TONY SCOTT took "Deja Vu", a script that sold for $5 million, and word is that he screwed it up. But it has Denzel Washington, so we'll see (Nov 22).

BRIAN DEPALMA. DePalma has been more than a little spotty too, but with "The Black Dahlia" (written by Josh Friedman, from the novel by James Ellroy), he might have a solid script to work from for once (Sept 15).

BARRY LEVINSON. As much as I love Barry Levinson, "Man of the Year" stars Robin Williams, Christopher Walken and Lewis Black, so who knows. Hopefully it's not "Toys" (Oct 13).

CURTIS HANSON. "Lucky You" is a poker movie, with Eric Bana, Drew Barrymore, and Robert Duvall. (Oct 27).

PHILLIP NOYCE. "Catch a Fire" is a serious South African prison tale, starring Derek Luke and Tim Robbins. (Oct 27).

STEVE ZAILLIAN wrote and directed the remake of "All The King's Men", starring Sean Penn, Jude Law and Kate Winslet. The trailer looks great (Sept 22).

TODD FIELD. "Little Children" is his first film since "In the Bedroom"; it stars Kate Winslet, Patrick Wilson and Jennifer Connelly (Oct).

LASSE HALLESTROM. "The Hoax" stars Richard Gere as Clifford Irving, who faked a book on Howard Hughes (Nov 17).

NANCY MEYERS. "The Holiday" stars Cameron Diaz, Kate Winslet, Jack Black, and the ever-present Jude Law; does he ever spend time at home? (Dec 8).

RYAN MURPHY. Though "Running With Scissors" is his first movie (he wrote it, too), he got the shot based on his work on "Nip/Tuck", and the trailer looks great (Oct 27).

MARTIN CAMPBELL. Hopefully "Casino Royale" will do something interesting with the Bond canon, though the fact that they changed baccarat to Texas Hold 'Em feels like heresy (Nov 17).

JOEY LAUREN ADAMS wrote and directed "Come Early Morning", with Ashley Judd; festival word is good.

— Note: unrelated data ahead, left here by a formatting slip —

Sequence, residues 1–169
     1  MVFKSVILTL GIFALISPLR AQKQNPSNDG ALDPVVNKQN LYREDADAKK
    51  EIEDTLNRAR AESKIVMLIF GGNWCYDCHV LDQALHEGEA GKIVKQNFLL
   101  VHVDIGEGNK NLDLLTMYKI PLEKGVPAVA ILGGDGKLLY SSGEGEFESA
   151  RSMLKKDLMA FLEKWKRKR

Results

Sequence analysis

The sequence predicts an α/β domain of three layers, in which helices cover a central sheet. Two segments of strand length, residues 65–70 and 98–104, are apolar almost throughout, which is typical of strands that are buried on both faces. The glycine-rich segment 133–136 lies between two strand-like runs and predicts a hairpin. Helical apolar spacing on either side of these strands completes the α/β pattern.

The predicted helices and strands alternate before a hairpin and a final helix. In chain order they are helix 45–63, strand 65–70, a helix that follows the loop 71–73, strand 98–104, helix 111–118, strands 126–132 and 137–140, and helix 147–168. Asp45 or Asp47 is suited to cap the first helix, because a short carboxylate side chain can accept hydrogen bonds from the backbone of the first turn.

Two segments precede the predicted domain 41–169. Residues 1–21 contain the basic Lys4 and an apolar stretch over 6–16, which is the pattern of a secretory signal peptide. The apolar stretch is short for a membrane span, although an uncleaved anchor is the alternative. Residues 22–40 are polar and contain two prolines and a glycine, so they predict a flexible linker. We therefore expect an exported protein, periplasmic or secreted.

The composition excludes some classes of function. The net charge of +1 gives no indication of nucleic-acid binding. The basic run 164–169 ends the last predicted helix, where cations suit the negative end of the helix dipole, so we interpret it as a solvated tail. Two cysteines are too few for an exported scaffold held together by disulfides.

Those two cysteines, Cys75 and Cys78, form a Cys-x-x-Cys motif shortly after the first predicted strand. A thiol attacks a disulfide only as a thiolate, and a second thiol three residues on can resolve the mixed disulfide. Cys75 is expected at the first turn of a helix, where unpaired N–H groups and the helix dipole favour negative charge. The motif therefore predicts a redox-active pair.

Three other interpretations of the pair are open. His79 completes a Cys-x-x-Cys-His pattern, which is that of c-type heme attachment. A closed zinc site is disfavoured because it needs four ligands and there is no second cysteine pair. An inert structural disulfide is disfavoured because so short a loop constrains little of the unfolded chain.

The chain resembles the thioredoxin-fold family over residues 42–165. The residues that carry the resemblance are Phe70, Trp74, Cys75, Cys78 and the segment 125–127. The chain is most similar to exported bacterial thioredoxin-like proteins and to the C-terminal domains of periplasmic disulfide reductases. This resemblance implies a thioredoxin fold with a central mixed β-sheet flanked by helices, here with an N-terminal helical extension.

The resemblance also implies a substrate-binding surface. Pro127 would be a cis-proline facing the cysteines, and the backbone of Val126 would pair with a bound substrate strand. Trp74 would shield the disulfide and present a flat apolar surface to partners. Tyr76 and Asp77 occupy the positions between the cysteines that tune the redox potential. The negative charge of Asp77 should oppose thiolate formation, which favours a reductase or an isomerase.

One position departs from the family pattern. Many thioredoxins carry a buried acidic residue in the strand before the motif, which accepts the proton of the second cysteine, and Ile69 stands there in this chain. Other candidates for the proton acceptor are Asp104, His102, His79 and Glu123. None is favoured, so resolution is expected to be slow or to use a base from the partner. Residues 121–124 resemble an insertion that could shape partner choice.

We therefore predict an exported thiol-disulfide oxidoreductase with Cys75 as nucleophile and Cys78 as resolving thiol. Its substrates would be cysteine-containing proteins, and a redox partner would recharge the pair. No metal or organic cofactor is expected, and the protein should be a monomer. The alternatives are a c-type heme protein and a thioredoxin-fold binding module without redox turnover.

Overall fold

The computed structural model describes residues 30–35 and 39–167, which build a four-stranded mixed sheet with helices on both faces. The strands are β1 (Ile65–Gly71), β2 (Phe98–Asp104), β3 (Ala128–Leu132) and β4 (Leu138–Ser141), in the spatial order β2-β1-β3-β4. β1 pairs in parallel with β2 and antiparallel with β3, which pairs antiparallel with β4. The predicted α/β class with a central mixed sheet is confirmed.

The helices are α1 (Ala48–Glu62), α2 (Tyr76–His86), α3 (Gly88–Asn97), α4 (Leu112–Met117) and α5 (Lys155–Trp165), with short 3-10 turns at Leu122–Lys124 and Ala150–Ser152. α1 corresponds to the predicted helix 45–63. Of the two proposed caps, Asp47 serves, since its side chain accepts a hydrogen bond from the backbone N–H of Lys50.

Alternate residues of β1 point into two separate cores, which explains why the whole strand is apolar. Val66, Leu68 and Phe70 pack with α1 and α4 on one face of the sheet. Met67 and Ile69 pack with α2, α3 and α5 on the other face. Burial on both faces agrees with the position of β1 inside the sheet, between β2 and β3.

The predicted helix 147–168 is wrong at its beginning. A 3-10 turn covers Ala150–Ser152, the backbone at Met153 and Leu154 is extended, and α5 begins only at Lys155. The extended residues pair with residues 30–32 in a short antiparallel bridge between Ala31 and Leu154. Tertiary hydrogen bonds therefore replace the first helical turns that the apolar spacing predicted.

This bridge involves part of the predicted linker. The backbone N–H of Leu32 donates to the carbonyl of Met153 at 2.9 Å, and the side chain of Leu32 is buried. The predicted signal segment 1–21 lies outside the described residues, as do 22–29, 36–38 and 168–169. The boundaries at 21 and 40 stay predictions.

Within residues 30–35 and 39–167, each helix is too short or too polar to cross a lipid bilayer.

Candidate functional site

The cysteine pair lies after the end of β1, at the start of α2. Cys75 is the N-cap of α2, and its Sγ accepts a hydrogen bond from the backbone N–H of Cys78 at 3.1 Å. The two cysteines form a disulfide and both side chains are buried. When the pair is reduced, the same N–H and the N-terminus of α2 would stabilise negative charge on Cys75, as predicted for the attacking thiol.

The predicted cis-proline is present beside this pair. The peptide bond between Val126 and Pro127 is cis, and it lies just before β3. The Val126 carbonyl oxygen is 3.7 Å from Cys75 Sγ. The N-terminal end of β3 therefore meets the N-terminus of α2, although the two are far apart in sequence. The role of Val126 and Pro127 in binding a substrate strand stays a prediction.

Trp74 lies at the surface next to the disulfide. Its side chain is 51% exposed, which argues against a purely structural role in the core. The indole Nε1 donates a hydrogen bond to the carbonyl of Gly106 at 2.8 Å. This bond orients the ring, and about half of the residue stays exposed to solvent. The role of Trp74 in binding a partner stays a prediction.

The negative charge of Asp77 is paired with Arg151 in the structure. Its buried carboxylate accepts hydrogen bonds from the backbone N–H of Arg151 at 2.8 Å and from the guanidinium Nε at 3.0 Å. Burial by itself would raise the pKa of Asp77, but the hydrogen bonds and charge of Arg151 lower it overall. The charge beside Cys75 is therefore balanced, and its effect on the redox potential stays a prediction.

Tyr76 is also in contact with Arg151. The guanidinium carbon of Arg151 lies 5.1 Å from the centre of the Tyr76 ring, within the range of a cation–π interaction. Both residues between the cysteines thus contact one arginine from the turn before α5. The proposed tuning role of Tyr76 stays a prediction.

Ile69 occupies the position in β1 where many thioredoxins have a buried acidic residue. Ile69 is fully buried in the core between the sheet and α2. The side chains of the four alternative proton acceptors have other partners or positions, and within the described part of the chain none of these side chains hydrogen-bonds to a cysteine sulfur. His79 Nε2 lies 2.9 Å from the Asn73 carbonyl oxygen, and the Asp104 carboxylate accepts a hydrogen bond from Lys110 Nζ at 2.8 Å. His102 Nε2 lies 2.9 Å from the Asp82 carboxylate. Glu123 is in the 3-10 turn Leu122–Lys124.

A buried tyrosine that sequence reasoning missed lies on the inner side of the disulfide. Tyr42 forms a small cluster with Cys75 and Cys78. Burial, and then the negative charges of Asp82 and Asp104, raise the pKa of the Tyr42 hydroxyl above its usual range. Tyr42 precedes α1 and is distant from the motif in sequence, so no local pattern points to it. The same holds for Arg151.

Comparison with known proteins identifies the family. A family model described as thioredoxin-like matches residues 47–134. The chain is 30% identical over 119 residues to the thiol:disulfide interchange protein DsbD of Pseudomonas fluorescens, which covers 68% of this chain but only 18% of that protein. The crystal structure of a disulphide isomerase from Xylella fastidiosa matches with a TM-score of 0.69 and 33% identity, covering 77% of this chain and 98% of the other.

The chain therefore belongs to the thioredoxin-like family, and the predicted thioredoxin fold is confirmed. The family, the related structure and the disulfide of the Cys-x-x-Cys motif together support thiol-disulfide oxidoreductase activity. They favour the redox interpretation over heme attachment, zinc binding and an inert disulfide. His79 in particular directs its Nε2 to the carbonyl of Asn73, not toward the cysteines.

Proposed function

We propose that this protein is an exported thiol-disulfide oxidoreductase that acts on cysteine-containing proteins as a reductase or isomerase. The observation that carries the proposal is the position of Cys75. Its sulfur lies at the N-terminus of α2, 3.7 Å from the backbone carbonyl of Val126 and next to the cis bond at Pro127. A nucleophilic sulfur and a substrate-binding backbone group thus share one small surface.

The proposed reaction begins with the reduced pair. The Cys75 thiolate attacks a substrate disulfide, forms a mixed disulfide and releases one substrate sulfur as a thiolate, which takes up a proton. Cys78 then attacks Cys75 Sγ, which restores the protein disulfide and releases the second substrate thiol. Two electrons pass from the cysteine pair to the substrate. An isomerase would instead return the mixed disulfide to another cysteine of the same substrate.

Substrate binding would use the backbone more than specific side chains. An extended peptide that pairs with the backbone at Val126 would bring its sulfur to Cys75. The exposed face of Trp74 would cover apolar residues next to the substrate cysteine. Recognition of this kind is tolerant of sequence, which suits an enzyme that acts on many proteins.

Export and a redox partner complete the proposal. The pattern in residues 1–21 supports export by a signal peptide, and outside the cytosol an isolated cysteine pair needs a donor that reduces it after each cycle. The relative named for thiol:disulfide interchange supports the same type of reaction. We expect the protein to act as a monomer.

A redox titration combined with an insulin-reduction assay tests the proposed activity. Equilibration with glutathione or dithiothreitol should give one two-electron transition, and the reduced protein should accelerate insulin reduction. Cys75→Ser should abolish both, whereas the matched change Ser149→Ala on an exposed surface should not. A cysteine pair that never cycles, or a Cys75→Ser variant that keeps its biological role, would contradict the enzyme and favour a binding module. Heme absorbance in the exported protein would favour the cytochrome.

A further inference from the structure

MIKE JUDGE. Sometimes, you just need to laugh. "Idiocracy", with Luke Wilson, is about a guy who wakes up 500 years in the future, when everyone is stupid (Sept 1).

CHRISTOPHER GUEST satirizes the Oscars will a lot of his usual cast members, in "For Your Consideration" (Nov 17).

EMILIO ESTEVEZ. I know; what's he doing here? But "Bobby" (which he wrote, too) is getting some good buzz, and it has a big, impressive cast (Nov 22).

JOHN GULAGER. "Feast" is finally supposed to open. We'll see (Sept 22).

SYLVESTER STALLONE. "Rocky Balboa". Yes, Stallone is 60. Yeesh (Dec 22).

MEL GIBSON. "Apocalypto" is supposed to be brutal, I hated "Passion of the Christ", and turns out he's an anti-Semite, too. So he gets the bottom slot (Dec 8).

Release dates are subject to change, and I'm sure some of these movies will get bounced until next year; 8 of these films are scheduled to open in the last two weeks of October alone.

Still, there's some potentially-good stuff here. Plus. like Bill Martell, I'm also looking forward to "Jackass 2".


At 11:13 AM, Anonymous Aaron said...

It's going to be a fun fall. Can't wait. I'm really looking forward to Soderbergh, Coppola, Aronofsky, and Inarritu.

Oh, and don't forget, Levinson directed Wag The Dog... so as long as that film was more than Mamet, maybe his newest offering will be good.

At 11:31 AM, Blogger Brett said...

I keep hoping the next JACKASS movie will be titled something like "JACKASS RETURNS" or "JACKASSER"

At 12:50 PM, Anonymous Joe Valdez said...

It's a good time to be a film geek.

It would take a lot to keep me away from seeing the Eastwood, Nolan, Scorsese, DeNiro, Soderbergh and Aronofsky movies this fall; they all look terrific. So does The Black Dalhia but modern logic dictates the less you expect from Brian DePalma, the better.